When Your House Is Burning Down, How Good Is a Public Good?

What is a public good? An article today describes a house fire in Tennessee, where the firefighters refused to extinguish the fire because the owners hadn’t paid the annual voluntary fee for fire protection. The firefighters only intervened when the fire spread to a neighbor’s field and threatened the (fee-paying) neighbor’s house. Is fire protection excludable? In a small town, with widely separated houses, it may be-after all, what is the harm to me if the house of the family who hadn’t paid its tax burns down? In such a case, the best argument for requiring payment of the fire-protection fee is that there are economies of scale in providing protection. But then the fee should be compulsory-a tax. In a suburb or city, the density of dwellings means that there are such large externalities that fire protection is non-excludable.

(HT: TW)


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  1. Shirin says:

    Basically, fire protection is a private service in many parts of the country. If you want it, you pay for it. If you don’t think you’ll need it, you don’t. I pay for fire protection out here in the Ozark foothills. My neighbor doesn’t. So far he is winning his bet.

    If people think fire protection should be a public service, they should be prepared to pay taxes for it, understanding that this WILL increase the costs of the service involved. However, putting requirements on fire departments to put out fires in the folks who do not wish to pay for this service simply will guarantee that nobody will pay their dues, and that costs for anybody left paying anything will escalate. This is pretty much what happened in medicine with EMTALA. Either you go with a wholly public service or you go with a wholly private service but either way, you need to understand there are tradeoffs involved

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  2. markchd says:

    Having made less than $10,000 in 2009 and having required the assistance of my local fire department twice in 2010, I’m inclined to ask: Shouldn’t some services always be socialized?

    The ability to opt out may have seemed lovely had I been able to reduce my (minimal) tax-bill, but some things should be deemed essential. Or at least subsidized for low wage earners. Right?

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  3. Max R says:

    This type of “private” fire service is acceptable anywhere, including dense urban environments, however the implementation in this case was incorrect.

    The “tax” or fee could be considered a type of insurance. It ensures that the cost of the fire fight remains relatively low. The firefighters however should not consider this fact when responding to an emergency call. They should put the fire out and bill the responsible party regardless of the astronomical amount. This type of system puts the financial onus on the homeowner without risking the well being of the community,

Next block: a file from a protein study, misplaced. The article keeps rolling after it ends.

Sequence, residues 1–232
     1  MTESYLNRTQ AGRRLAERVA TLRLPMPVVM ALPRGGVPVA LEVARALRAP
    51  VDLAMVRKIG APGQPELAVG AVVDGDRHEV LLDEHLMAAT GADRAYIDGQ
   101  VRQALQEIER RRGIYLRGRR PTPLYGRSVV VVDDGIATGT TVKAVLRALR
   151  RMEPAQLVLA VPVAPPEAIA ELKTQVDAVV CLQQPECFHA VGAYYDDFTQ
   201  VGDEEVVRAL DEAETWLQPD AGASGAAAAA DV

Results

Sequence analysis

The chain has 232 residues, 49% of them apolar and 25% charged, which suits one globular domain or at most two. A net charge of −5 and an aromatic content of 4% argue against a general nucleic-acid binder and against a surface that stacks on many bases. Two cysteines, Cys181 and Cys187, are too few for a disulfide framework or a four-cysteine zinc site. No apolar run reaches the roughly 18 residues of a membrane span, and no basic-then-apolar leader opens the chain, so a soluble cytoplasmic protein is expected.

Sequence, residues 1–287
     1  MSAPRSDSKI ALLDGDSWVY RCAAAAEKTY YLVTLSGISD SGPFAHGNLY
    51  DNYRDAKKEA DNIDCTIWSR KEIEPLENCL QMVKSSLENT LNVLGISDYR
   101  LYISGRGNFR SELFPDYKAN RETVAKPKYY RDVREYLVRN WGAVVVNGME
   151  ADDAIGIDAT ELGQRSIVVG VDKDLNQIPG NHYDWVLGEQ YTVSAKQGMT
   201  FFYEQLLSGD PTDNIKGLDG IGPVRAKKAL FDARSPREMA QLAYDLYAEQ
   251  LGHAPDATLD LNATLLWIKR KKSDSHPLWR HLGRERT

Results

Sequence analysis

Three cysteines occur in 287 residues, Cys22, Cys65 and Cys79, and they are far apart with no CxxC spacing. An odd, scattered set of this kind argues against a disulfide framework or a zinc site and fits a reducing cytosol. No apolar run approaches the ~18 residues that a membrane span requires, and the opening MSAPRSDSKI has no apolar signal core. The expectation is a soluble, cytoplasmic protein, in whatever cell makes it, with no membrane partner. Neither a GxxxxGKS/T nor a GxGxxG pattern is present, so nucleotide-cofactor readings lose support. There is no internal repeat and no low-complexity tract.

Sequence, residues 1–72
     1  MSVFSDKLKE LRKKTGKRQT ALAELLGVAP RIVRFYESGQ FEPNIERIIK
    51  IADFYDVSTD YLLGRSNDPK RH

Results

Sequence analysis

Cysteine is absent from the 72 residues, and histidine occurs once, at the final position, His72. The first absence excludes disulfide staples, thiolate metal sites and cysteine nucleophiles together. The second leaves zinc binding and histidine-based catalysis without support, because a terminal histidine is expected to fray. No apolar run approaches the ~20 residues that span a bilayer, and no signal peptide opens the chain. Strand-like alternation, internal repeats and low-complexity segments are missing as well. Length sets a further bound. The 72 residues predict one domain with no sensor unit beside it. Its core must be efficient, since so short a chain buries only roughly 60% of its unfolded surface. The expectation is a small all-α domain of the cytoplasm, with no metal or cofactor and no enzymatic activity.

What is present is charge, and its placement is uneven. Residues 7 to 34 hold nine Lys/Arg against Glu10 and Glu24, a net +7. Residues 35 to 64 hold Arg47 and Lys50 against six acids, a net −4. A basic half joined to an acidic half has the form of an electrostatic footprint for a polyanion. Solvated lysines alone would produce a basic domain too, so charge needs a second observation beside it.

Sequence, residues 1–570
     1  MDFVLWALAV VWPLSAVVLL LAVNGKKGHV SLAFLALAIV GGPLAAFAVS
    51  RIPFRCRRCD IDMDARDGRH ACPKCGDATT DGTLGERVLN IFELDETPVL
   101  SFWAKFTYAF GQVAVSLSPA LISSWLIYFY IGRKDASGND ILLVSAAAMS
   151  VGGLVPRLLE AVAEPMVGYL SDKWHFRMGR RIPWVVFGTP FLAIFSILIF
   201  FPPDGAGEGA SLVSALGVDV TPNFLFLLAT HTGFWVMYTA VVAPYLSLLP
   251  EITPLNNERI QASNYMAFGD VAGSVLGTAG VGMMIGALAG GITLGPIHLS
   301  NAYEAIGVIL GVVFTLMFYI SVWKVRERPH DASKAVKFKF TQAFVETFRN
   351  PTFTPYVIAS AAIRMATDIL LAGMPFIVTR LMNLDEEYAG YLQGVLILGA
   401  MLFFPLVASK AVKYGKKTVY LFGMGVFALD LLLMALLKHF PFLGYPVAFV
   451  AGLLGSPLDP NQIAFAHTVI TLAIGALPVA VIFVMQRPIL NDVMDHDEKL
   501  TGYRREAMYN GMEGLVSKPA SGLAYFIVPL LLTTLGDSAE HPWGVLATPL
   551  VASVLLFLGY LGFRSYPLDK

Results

It is never acceptable for adequately prepared first responders to sit idle while tragedy strikes.

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  4. Iljitsch van Beijnum says:

    I guess one man’s “voluntary” fee is another man’s protection racket.

    I’m surprised there is no special higher “house currently on fire” version of the fee, it seems to me that the fire department is leaving money on the table here. I’m sure they can use the money; I suspect there are some legal fees in their future.

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  5. shamus says:

    “what is the harm to me if the house of the family who hadn’t paid its tax burns down?”

    Well, I think you answered that question, Daniel. Even in this sparsely populated rural setting the house fire was able to spread and endanger their neighbors. Fires are not a risk that are self contained, unchecked they quickly spread to any nearby fuel sources.

    So, by not intervening, the fire department (and by not paying, the home owner) put other nearby properties at risk…

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  6. Ricardo says:

    This isn’t actually a dilemma:

    If pre-paying is voluntary, then there should be an option to pay a large one time fee to the fire department in the case that a non pre-payer’s house is burning.

    $75/year or $5,000 per call, something like that.

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  7. Alexander Thesoso says:

    Oh dear me… And if [Name one] fire insurance company doesn’t pay to rebuild the house just because the owner doesn’t have a policy with them, public good suggests that fire insurance should be mandatory for everyone, and paid for by a tax. After all, it is free.

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  8. Brett says:

    I agree, this system wouldn’t work in a more densely built area.

    I also agree with the fire fighters; if they had made an exception for this house, the next years fees would all but disappear.

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